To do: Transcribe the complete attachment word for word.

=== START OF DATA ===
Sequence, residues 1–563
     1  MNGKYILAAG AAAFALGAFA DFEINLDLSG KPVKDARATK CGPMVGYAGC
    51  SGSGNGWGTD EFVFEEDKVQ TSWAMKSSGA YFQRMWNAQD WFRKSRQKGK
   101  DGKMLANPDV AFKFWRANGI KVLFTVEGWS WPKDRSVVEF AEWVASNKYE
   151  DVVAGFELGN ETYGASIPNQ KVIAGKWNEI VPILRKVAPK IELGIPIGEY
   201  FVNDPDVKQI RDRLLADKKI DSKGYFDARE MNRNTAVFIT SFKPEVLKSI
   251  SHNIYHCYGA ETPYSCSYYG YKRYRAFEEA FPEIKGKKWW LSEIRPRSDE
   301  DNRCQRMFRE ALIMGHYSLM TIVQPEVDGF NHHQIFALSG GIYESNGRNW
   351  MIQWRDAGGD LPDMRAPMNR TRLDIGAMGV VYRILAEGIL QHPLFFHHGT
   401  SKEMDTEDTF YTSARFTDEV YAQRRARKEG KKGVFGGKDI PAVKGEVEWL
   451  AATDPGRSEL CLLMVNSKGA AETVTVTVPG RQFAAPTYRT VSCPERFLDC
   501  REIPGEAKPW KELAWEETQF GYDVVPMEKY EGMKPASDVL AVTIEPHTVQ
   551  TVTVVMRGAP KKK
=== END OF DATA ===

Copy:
Sequence, residues 1–563
     1  MNGKYILAAG AAAFALGAFA DFEINLDLSG KPVKDARATK CGPMVGYAGC
    51  SGSGNGWGTD EFVFEEDKVQ TSWAMKSSGA YFQRMWNAQD WFRKSRQKGK
   101  DGKMLANPDV AFKFWRANGI KVLFTVEGWS WPKDRSVVEF AEWVASNKYE
   151  DVVAGFELGN ETYGASIPNQ KVIAGKWNEI VPILRKVAPK IELGIPIGEY
   201  FVNDPDVKQI RDRLLADKKI DSKGYFDARE MNRNTAVFIT SFKPEVLKSI
   251  SHNIYHCYGA ETPYSCSYYG YKRYRAFEEA FPEIKGKKWW LSEIRPRSDE
   301  DNRCQRMFRE ALIMGHYSLM TIVQPEVDGF NHHQIFALSG GIYESNGRNW
   351  MIQWRDAGGD LPDMRAPMNR TRLDIGAMGV VYRILAEGIL QHPLFFHHGT
   401  SKEMDTEDTF YTSARFTDEV YAQRRARKEG KKGVFGGKDI PAVKGEVEWL
   451  AATDPGRSEL CLLMVNSKGA AETVTVTVPG RQFAAPTYRT VSCPERFLDC
   501  REIPGEAKPW KELAWEETQF GYDVVPMEKY EGMKPASDVL AVTIEPHTVQ
   551  TVTVVMRGAP KKK